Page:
As I noted in a previous post (here), schools, as we know them today, have their origin in the schools of the Protestant Reformation, which were premised on the idea that human beings are innately sinful and need discipline to drive the sinfulness out of them. Our secular schools today don’t generally talk about sin, but the premise remains that obedience to authority, not self-initiative, is the route to improvement.
It’s interesting to note that Golding himself was a schoolteacher, up until his earnings from Lord of the Flies allowed him to leave that job for full-time writing (Carey, 2009). I can’t help but suspect that classroom teaching played a role in the development of his book.
Keeping control of the classroom is the number one task of the teacher. Teachers who fail at that will be fired; teachers who succeed at it will be kept on, almost no matter how terrible they are at actually helping kids learn. Teachers have the constant fear that if their authority lapses, the class will erupt in chaos. They may be right about that, but that’s the result of the unnatural, repressive classroom situation, not evil human nature. In Golding’s Lord of the Flies, children released from the classroom with no adult control start killing one another, literally. It’s a teacher’s worst nightmare.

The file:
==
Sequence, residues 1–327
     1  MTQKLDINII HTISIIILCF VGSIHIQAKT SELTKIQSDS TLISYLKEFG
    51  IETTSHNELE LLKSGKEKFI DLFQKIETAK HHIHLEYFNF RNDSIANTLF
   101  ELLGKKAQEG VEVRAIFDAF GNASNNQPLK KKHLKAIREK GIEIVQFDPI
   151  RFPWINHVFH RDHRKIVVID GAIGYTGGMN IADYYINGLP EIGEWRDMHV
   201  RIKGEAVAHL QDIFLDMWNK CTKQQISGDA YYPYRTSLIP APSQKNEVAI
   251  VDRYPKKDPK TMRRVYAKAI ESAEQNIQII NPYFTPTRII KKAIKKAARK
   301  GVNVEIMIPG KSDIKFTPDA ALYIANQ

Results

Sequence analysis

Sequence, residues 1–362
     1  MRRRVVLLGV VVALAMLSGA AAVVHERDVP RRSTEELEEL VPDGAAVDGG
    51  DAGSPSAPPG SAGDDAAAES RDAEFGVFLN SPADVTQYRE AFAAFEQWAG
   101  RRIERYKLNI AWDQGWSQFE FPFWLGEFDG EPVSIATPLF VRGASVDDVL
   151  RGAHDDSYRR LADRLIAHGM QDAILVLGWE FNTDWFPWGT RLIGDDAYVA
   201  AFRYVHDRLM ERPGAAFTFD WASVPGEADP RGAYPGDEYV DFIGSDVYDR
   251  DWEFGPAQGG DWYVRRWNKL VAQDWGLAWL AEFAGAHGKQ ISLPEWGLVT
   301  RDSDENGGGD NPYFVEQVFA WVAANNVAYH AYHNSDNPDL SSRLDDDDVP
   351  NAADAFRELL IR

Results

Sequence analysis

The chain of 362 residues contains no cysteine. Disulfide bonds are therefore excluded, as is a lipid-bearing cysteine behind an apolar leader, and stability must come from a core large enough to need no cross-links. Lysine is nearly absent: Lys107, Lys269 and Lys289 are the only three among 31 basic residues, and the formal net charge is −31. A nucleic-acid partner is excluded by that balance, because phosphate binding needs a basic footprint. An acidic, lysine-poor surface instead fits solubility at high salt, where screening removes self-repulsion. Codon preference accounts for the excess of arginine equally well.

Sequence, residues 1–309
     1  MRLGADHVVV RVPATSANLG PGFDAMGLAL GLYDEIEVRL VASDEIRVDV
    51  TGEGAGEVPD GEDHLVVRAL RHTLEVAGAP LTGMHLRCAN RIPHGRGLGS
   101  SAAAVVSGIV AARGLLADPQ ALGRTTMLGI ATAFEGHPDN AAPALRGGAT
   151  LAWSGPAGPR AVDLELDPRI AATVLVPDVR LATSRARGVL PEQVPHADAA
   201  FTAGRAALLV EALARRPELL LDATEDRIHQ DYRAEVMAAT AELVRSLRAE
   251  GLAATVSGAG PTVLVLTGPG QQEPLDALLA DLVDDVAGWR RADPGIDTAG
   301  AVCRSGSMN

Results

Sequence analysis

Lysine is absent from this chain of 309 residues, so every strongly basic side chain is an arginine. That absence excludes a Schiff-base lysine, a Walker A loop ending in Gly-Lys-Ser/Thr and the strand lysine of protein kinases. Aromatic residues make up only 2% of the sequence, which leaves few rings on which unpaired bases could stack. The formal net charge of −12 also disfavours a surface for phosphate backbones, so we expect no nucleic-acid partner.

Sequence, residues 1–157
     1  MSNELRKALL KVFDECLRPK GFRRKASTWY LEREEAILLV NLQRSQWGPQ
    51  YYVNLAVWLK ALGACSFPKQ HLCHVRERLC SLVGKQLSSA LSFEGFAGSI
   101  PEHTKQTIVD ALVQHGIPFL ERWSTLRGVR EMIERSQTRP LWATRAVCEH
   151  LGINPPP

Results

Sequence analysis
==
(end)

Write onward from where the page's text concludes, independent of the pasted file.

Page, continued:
As Golding’s biographer (Carey, 2009) has pointed out, Golding himself had a very dark side, with which he struggled throughout his life. In a memoir that he never published, Golding admitted to attempting to rape a 15-year-old girl when he, at age 18, was home from college. He drank heavily throughout his adult life, sometimes behaved violently when drunk, was often depressed and had a turbulent relationship with his own children and wife. He struggled consciously with these aspects of himself, and his biographers attribute his book about the darkness of human nature in part to that struggle.
Well, that’s fine, but let’s not jump from Golding’s struggle with his inner demons to a conclusion that people in general, or boys in particular, are innately vicious and require authoritarian control to keep them in line. Authoritarian control much more often incites violence than prevents it.
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Bregman, R. (2020). Humankind. English translation.
Carey, J. (2009). William Golding: The man who wrote Lord of the Flies.
Time Magazine (2010, July 9). "Top 10 books you were forced to read in school."